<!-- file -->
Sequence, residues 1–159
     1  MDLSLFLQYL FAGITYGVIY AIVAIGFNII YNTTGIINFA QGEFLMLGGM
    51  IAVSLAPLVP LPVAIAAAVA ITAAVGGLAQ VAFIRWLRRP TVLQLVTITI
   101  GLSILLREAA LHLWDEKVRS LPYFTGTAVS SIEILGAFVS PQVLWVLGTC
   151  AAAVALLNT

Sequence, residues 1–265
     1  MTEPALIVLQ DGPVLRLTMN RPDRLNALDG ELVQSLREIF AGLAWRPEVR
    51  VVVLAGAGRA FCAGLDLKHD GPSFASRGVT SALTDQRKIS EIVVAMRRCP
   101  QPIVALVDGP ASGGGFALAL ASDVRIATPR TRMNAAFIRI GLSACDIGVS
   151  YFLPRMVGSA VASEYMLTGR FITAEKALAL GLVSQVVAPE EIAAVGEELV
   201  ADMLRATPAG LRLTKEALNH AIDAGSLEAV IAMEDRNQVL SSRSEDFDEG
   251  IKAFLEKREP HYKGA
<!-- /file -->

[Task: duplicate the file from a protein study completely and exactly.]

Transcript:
Sequence, residues 1–159
     1  MDLSLFLQYL FAGITYGVIY AIVAIGFNII YNTTGIINFA QGEFLMLGGM
    51  IAVSLAPLVP LPVAIAAAVA ITAAVGGLAQ VAFIRWLRRP TVLQLVTITI
   101  GLSILLREAA LHLWDEKVRS LPYFTGTAVS SIEILGAFVS PQVLWVLGTC
   151  AAAVALLNT

Sequence, residues 1–265
     1  MTEPALIVLQ DGPVLRLTMN RPDRLNALDG ELVQSLREIF AGLAWRPEVR
    51  VVVLAGAGRA FCAGLDLKHD GPSFASRGVT SALTDQRKIS EIVVAMRRCP
   101  QPIVALVDGP ASGGGFALAL ASDVRIATPR TRMNAAFIRI GLSACDIGVS
   151  YFLPRMVGSA VASEYMLTGR FITAEKALAL GLVSQVVAPE EIAAVGEELV
   201  ADMLRATPAG LRLTKEALNH AIDAGSLEAV IAMEDRNQVL SSRSEDFDEG
   251  IKAFLEKREP HYKGA